Designating this as International Year for Human Rights was a splendid idea. Freedom of religion and civil liberty, it is said, are like Hippocrates’ twins: they weep or laugh, live or die together. Since effective influence is usually exerted through collective action, it was fitting that the World Council of Churches a few months ago issued a statement on the subject. This said in part: “Disturbances in many countries and regions arise when human dignity is not recognized and human rights are not observed. The Universal Declaration of Human Rights warns that, if man is not to be compelled to have recourse as a last resort to rebellion against tyranny and oppression, human rights should be protected by the rule of law.” The statement called for prompt and concerted action at the national and international level.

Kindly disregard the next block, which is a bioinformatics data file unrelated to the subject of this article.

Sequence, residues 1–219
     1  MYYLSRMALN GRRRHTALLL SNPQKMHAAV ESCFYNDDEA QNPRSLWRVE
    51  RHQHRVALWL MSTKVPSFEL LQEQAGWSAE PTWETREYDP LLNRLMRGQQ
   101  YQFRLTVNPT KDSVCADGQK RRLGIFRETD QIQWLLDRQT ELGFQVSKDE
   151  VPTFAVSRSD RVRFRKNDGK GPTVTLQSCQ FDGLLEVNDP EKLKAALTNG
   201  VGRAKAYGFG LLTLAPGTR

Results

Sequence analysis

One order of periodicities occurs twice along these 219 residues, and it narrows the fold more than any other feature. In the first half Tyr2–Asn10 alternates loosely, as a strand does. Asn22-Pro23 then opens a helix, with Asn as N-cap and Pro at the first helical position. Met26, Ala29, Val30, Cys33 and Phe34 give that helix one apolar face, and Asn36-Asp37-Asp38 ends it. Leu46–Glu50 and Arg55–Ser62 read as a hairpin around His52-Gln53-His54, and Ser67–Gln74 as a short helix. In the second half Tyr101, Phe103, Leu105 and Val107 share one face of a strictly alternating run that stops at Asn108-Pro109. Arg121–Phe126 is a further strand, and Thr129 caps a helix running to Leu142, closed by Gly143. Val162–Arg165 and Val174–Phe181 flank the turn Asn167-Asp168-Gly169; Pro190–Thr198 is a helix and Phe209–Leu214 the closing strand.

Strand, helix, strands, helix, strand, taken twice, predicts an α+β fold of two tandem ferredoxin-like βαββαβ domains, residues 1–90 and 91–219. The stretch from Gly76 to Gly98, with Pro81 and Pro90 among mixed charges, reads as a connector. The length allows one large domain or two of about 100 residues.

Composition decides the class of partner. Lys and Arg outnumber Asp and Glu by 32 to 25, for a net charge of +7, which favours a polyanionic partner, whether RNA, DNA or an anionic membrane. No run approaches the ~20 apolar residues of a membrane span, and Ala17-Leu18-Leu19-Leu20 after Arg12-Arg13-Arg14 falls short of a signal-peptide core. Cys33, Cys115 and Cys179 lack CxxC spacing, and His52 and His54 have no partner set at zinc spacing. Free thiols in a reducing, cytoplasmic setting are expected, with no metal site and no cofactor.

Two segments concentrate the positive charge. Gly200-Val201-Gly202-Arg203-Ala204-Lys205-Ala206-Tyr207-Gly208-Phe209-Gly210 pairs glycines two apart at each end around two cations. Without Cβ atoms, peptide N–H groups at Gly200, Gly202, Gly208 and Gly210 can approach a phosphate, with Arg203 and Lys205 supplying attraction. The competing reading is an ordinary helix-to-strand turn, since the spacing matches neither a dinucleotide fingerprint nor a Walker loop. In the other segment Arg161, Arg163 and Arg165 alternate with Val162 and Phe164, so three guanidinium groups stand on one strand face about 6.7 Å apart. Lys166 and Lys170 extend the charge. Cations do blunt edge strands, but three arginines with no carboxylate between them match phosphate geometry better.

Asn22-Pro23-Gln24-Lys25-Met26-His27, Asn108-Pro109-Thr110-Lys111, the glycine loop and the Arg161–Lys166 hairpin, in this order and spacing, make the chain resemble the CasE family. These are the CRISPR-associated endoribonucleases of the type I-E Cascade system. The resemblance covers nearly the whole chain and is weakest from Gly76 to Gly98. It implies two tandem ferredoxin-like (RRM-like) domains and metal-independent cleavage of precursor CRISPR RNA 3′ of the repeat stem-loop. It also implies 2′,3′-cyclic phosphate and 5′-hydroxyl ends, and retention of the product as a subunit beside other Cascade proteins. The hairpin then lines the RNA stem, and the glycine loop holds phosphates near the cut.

This is altogether laudable. So too is a letter from the Archbishop of Canterbury to Mrs. Helen Joseph, whom the South African government recently placed under a second five-year confinement to her home every evening, weekend, and public holiday. Dr. Ramsey was “distressed beyond words at the injustice with which you have been treated and at the hardship and frustration which you are facing.”
These are the sort of words one expects from the WCC and from one of its presidents. Some evangelicals whose concern for human rights is no less keen than that found in Geneva or Lambeth would heartily concur with these expressions. There are others, however, whose sweeping condemnation of the WCC and its works extends to compassionate projects where doctrinal orthodoxy is utterly irrelevant.
Yet though we regret this shortsightedness in evangelical circles, some of us who cover major ecumenical occasions ...1
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